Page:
Some of the earliest tales about huge, tentacled sea monsters date back to the 12th century when Norwegian seafarers described an awesome beast called a Kraken.
By the 18th century the Kraken still had a fearsome reputation. In The Natural History of Norway, the Bishop of Bergen likened it to a "floating island," adding, "It seems these are the creature's arms, and, it is said, if they were to lay hold of the largest man-of-war [a ship], they would pull it down to the bottom."
Over time the reputed size of these "monsters" was scaled down considerably, but stories persisted. An alleged encounter between a giant squid and a French naval vessel was the basis for Jules Verne's "squid of colossal dimensions" which was featured in Twenty Thousand Leagues Under the Sea.
There is also an account of sailors being attacked by a giant squid after their ship sunk during the Second World War. At least one sailor was supposedly eaten. And even this year, French yachtsmen taking part in the appropriately named Jules Verne Trophy reported that a 26-foot-long (8-meter) squid clamped itself to their boat.
An early description of what is thought to be Mesonychoteuthis hamiltoni appeared in an article entitled Hunting Sea Monsters in 1953. It was, Gilbert Voss wrote, "a squid that could qualify in the most lurid deep-sea drama."
There is some truth to this observation. Whalers who once worked the southern oceans were well aware of "deep-sea dramas" played out between colossal squid and sperm whales which fed in Antarctic waters. The whalers often discovered giant squid beaks inside the stomachs of these whales.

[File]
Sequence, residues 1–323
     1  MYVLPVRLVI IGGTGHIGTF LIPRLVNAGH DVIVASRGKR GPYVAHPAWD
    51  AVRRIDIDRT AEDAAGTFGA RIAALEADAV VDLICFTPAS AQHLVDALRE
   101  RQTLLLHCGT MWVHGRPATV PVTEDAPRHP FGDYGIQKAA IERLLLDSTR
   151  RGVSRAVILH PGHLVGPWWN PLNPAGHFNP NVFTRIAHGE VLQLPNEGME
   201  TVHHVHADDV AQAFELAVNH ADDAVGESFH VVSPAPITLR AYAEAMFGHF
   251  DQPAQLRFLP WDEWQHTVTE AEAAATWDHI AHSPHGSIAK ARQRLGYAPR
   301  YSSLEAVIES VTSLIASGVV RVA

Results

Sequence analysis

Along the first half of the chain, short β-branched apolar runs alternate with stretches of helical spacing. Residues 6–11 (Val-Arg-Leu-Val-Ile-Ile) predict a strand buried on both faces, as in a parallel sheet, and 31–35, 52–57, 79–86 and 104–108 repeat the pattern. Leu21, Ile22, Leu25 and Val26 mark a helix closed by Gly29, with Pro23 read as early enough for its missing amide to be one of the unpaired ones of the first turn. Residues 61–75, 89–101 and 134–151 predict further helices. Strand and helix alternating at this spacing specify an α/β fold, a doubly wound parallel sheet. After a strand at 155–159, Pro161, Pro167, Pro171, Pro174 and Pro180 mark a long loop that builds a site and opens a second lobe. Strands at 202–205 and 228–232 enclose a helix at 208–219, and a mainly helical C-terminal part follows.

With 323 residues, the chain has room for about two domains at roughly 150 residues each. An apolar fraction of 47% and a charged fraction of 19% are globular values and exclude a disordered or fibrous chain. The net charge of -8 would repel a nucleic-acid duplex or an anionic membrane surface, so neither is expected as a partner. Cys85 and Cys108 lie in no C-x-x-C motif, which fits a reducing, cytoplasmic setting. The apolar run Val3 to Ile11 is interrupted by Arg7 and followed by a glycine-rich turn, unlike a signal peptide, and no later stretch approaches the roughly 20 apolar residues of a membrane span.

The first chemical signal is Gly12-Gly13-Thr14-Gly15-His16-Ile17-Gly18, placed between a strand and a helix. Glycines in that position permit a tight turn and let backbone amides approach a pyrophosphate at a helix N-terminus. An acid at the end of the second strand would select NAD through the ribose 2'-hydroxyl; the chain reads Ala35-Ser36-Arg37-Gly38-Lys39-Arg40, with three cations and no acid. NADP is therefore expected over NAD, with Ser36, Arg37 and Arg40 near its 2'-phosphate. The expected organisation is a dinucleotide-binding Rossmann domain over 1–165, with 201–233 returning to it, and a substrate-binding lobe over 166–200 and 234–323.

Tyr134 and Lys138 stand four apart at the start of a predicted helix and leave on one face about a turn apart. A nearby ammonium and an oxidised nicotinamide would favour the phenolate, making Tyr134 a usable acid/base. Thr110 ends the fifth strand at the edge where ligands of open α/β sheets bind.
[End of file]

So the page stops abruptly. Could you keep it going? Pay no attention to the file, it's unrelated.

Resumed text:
Professor Paul Rodhouse, head of biological sciences at the British Antarctic Survey, says whalers also noted deep scars and circular marks around the heads of their quarry.
"It's certain these were caused by the suckers and hooks of big squid," he said. "The whales would suffer quite a lot of damage in subduing Mesonychoteuthis hamiltoni."
However, Rodhouse is quick to scotch stories about such squid killing and even eating sperm whales.
"Whalers could see the damage these squid caused so it was well known what was going on, but the stories got elaborated and expanded on," he said. "The only sperm whales that go into Antarctic waters to feed on these creatures are the large bulls. These are very powerful predators and my guess is they would be able to capture even the biggest squid."
Richard Ellis also believes such stories have been blown out of proportion.
"This creature, like Architeuthis, is probably a deep-water dweller," he said. "What earthlyor oceanicreason would a squid have for attacking a ship? I think both these squid are fish-eaters. The long tentacles of Architeuthis and the hooks of Mesonychoteuthis support this contention, and do not indicate any predilection to attack whales, people or ships."
Rodhouse is more concerned about the colossal squid than the fate of humans who may encounter one. In particular, he is worried about the recent influx of fishing vessels into Antarctic waters that target Patagonian toothfish. He says the fish is a major prey species for colossal squid.
"The fish can grow to over 2 meters (6 feet) but it's being overfished in many parts of the southern ocean," he said. "Toothfish and these squid form part of a deep water ecosystem that we know virtually nothing aboutyet were are already exploiting it with commercial fisheries."
At least the colossal squid isn't likely to join toothfish on the seafood menu. Calamari as big as car tires might sound an appetizing idea, but jumbo-sized squid usually contain high levels of ammonia and their meat is said to taste like floor cleaner.
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